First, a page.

It has come to our attention that an email has gone out to all staff about the JR Appeal. (See email below )
Having read the email we have the following comments.
It is not true that permission to appeal was refused, the claim did not seek permission from Underhill J. The email manages to make it sound as though the Council wanted early hearing when it was entirely down to the Council that it got listed in October. Maria’s team actively wanted and expressly sought expedition and an early hearing. It is also misleading to say “designed to delay or prevent etc.” – Maria’s claim was designed to enforce the Council’s legal obligation to consult residents. Let us not forget that the court found that the Council had not complied with its obligations: the judgment reads at paragraph 76, “if the application for judicial review had been made in time I would have held that the Council had not complied with its obligations under section 3(2) of the [Local Government Act 1999]”.
The First Team update on Tuesday set out the provisional dates set for the Appeal Court hearings of 7 and 8 October. Since then we have continued to explore with the Court whether those dates could be brought forward, but so far to no avail. We are looking at the possibility of instructing a new QC in the hope that could lead to an earlier date for a hearing, although this is still dependent on the Court listing.
We remain confident that permission to appeal will not be allowed and that the benefits to our residents will be delivered. When this is confirmed we will sign the NSCSO contract. The transfer of staff to Capita would take place shortly after.
The One Barnet programme is designed to protect and enhance our ability to serve our residents through an unprecedented period of austerity. The NSCSO contract will improve the quality of our services and will save an average of £12.5m per annum. This is £12.5m which would otherwise come largely from front-line service reductions. The DRS contract will improve the quality of our services, will save an average of £3.9m per annum which would otherwise largely come from front-line service reductions, and will create a growing Barnet-based business. Cabinet has carefully considered and approved these arrangements at all stages.
The legal action pursued by the claimant is designed to delay or prevent these arrangements coming into place. The initial application for Judicial Review was not allowed by the High Court and permission to appeal was refused. The claimant has, nevertheless, sought permission direct from the Appeal Court. The council deeply regrets this.
I am acutely aware of the challenges of continuing effective service delivery during this period of uncertainty which is not of our making. I remain very grateful for the continuing commitment of all staff affected by these projects. We will be putting additional measures in place to support the continued delivery of services during this period, and more information will be available shortly for the affected areas.
10-June-2013 - 13:30
Due to the public outrage, the Council has decided to delay the signing of the NSCSO contract with Capita until the conclusion of the legal action.
“Come, shepherd, let us make an honourable retreat;
Though not with bag and baggage, yet with scrip and scrippage.”
More on that in the Barnet Today. http://goo.gl/2fetz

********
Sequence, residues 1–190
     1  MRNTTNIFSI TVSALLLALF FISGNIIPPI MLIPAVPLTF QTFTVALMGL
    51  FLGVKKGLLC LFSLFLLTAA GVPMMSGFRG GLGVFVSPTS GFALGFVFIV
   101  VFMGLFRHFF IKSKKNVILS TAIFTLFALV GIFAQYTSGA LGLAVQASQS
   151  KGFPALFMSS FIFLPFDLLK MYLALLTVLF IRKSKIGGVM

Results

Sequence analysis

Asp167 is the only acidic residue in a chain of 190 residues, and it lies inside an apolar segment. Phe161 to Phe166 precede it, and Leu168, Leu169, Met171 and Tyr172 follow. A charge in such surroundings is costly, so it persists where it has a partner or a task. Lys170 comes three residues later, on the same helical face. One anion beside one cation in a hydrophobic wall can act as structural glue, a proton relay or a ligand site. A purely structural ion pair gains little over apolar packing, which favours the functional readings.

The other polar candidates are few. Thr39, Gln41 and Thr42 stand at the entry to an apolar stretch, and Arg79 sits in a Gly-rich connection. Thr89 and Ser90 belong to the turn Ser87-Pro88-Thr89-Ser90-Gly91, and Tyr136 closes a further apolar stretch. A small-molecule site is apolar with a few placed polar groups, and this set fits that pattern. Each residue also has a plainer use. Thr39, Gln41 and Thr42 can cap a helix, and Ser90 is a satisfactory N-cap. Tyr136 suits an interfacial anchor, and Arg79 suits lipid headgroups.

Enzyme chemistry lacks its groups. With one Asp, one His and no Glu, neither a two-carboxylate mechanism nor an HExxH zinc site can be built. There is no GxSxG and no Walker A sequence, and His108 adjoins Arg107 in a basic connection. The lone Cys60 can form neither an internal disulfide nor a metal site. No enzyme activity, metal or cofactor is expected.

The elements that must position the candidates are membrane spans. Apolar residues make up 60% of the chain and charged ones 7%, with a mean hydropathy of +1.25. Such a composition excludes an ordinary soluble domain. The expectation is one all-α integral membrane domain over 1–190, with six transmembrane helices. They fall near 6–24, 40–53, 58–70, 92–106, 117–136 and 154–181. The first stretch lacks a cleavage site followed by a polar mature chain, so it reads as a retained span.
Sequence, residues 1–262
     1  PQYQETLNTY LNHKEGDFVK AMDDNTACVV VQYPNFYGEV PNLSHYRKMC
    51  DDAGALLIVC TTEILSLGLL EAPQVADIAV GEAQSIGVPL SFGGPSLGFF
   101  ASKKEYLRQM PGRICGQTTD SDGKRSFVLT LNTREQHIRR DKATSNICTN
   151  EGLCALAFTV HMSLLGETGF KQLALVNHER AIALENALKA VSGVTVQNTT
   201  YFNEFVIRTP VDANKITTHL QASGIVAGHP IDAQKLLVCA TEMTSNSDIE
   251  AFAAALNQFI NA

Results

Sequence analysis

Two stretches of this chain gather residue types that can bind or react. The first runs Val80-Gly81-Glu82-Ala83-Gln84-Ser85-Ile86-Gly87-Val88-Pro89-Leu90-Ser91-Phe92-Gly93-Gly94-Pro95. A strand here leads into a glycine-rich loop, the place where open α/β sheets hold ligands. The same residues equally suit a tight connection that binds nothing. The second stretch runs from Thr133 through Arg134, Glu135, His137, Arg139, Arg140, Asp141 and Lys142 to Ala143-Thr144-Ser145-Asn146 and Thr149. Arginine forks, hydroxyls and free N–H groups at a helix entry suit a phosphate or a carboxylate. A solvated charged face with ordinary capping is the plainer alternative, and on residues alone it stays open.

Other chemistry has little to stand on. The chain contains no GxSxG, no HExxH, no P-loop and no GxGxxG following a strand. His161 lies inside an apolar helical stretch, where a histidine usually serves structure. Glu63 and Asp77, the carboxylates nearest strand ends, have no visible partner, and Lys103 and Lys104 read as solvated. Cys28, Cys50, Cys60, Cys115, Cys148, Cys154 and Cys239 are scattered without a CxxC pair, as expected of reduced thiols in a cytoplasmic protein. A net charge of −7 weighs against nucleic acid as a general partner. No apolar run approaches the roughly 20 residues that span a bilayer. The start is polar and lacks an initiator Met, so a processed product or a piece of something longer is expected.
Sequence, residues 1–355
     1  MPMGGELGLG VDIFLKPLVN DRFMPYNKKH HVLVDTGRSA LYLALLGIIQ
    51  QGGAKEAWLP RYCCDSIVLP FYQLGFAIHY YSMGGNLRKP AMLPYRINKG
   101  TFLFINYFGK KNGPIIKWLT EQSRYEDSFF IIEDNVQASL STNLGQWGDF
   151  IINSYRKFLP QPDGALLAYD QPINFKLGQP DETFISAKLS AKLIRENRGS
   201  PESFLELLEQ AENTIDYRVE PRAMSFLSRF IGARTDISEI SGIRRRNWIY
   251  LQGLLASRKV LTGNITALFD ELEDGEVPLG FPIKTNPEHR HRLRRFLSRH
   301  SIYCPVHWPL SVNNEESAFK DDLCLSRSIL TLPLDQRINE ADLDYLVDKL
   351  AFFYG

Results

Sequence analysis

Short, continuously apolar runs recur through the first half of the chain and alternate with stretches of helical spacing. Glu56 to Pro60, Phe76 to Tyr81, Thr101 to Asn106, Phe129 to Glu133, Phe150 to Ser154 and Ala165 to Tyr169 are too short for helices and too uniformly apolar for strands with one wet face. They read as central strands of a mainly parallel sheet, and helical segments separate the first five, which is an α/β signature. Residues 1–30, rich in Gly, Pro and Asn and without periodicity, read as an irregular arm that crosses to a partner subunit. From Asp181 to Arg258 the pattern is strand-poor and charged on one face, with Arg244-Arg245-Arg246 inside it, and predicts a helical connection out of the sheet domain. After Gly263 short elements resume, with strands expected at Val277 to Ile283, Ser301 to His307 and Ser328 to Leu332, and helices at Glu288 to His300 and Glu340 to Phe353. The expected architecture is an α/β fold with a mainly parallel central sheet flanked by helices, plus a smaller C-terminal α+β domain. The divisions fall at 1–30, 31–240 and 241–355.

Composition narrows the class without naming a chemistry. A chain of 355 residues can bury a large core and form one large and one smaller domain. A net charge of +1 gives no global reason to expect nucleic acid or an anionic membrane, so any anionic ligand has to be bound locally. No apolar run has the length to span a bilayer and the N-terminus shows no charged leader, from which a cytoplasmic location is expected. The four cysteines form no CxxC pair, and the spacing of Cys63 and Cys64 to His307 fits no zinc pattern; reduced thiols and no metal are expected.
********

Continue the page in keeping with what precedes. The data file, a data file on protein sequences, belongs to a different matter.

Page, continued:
The legality of the One Barnet Programme of privatising 70-90% of all council services without consultation with residents was challenged in the High Court and is awaiting an appeal hearing, scheduled to 7-8 October 2013.
We were therefore amazed to hear that the council and Capita are about to sign the contract (NSCSO) on the 14 of June, before the appeal is heard, with the risk of costing Barnet tax payers huge sums of money if and when the court will find the One Barnet Programme unlawful.
We must demand that this disrespect to the legal system is stopped.
Please send the below letter or write your own to the council’s leader, Cllr Richard Cornelius.
Dear Cllr Cornelius,
Barnet’s future is awaiting the outcome of a court decision on the legality of the outsourcing contracts of the One Barnet programme. Respect for the rule of law is a pillar of our British system of democracy. Therefore, I am alarmed to discover that the council is contemplating moving on with the contract even before the court case is concluded.
This alarm is heightened when I am told that the matter is not due to be heard until October! The One Barnet programme was challenged in a judicial review whose decision on 29 April was immediately appealed. Why this delay? Apparently because Barnet’s legal representative will not be available before that. Barnet’s own team is helping create a long delay. One Barnet is being promoted as a way of saving council money in a time of austerity. You, Richard Cornelius, the council leader, said that the delay costs “effectively another £700,000 per month” (in the Barnet Press 1-5-13). So it seems Barnet is happy to accept the costs associated with the delay rather than be firm with its lawyers and serve best the interests of its residents and tax payers.
In that time, we face the prospect of the outsourcing company - Capita - taking over the council functions and staff, with all the disruption and problems that come with such changes. The court is likely to take a dim view of this, and we residents would be up in arms. This is legally very suspect, financially to unwind this decision would be hugely expensive, and most of all it shows huge contempt for the public’s democratic rights.
The council should not defy the law in this way. It should not waste our money, and it should attend very closely to public’s view.